Hello. I'm Anton van der Merwe from the University of Oxford,
and I'm going to be talking about immunoreceptors.
This is an overview of my talk,
starting with an introduction.
The challenge that leukocytes face is that they are the only cells
that we have that throughout their lifetime migrate throughout the body,
making contact with a very large variety of cells.
What they are doing is trying to discriminate between the normal cells,
which are the vast majority and the occasional abnormal cell
and then selectively target their response to abnormal cells.
Now another challenge is that what they're trying to detect
are the presence of infecting microorganisms or cancer,
and these are highly variable and rapidly evolving.
The process of leukocyte recognition which has to tackle
this problem is mediated primarily by leukocytes cell surface receptors.
These bind to soluble or surface associated ligands.
The ligands include self molecules,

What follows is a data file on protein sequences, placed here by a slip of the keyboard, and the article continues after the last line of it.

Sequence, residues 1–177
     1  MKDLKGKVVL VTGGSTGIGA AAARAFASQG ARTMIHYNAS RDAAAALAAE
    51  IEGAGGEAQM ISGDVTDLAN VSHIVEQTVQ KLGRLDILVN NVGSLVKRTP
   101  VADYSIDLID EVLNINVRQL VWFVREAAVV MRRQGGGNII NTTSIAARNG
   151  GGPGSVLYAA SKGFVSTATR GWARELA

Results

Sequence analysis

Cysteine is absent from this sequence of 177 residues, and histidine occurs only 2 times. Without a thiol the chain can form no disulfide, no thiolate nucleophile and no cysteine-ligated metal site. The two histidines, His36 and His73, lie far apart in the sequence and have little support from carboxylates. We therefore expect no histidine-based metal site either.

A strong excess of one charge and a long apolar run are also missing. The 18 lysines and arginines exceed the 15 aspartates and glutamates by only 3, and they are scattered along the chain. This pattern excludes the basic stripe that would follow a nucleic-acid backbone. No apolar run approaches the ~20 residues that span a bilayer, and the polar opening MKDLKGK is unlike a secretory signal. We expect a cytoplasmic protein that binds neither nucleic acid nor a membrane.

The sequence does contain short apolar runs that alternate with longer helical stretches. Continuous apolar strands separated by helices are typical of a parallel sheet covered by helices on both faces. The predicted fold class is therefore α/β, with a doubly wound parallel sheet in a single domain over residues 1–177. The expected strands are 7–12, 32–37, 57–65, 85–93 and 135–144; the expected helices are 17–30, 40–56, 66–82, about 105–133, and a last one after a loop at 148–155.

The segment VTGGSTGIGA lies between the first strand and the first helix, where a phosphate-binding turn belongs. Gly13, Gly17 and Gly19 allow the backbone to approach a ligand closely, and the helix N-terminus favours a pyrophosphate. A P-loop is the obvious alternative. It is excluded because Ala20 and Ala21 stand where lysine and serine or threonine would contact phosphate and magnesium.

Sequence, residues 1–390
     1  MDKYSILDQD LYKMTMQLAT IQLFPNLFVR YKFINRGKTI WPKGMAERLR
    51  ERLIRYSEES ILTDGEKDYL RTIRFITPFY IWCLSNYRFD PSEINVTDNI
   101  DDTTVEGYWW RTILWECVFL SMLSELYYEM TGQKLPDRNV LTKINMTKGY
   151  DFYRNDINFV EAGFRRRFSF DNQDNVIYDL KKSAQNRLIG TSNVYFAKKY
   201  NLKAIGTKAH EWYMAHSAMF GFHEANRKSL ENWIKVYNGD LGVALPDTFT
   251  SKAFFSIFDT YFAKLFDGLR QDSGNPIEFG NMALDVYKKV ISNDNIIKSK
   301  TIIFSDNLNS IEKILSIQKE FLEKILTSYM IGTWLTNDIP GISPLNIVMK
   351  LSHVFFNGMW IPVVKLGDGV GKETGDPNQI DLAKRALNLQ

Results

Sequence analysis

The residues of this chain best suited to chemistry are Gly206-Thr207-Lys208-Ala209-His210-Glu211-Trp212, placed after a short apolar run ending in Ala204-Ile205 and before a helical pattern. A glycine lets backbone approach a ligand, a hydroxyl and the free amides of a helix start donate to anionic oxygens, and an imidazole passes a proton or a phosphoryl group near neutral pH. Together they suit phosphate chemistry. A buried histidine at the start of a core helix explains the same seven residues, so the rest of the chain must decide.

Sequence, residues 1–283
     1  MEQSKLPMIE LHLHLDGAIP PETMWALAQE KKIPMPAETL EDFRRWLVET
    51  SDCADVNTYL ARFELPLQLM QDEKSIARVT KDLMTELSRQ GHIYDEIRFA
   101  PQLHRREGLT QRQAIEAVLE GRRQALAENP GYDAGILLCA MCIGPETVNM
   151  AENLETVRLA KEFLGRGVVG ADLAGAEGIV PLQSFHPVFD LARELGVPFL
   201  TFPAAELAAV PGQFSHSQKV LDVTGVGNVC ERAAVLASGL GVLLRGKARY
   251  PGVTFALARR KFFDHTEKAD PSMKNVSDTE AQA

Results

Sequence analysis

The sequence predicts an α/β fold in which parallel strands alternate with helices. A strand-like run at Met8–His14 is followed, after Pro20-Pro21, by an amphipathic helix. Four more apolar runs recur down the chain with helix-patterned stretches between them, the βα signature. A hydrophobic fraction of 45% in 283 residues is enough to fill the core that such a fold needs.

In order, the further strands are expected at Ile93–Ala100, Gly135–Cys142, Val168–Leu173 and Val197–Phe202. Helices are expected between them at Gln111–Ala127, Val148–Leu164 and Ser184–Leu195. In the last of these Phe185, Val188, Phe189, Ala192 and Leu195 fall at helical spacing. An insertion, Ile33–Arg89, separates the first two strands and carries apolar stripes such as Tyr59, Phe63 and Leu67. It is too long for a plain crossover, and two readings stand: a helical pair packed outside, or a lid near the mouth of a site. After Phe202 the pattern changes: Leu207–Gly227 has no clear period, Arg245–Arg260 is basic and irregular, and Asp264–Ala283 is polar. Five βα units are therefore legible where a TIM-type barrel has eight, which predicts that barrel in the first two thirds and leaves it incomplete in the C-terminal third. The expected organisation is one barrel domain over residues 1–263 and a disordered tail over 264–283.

as well as molecules derived from pathogens.
There are over 300 receptors found on leukocytes in many different families.
A typical leukocyte may express 100 or more receptors,
and the single largest group of these receptors are termed immunoreceptors.
Immunoreceptors are also called non-catalytic
tyrosine-phosphorylated receptors or NTRs for reasons which will become clear.
They largely confine to leukocytes,
so they've evolved essentially for leukocyte recognition.
They have very diverse and rapidly evolving ectodomains,
but their cytoplasmic domains are relatively
conserved and link up to conserved signaling pathways.
What these pathways are characterized by are that they have tyrosine- containing motifs
which are phosphorylated by Src-family tyrosine kinases or SFKs.
This phosphorylation is regulated by receptor protein tyrosine phosphatases,
which are restricted to leukocytes.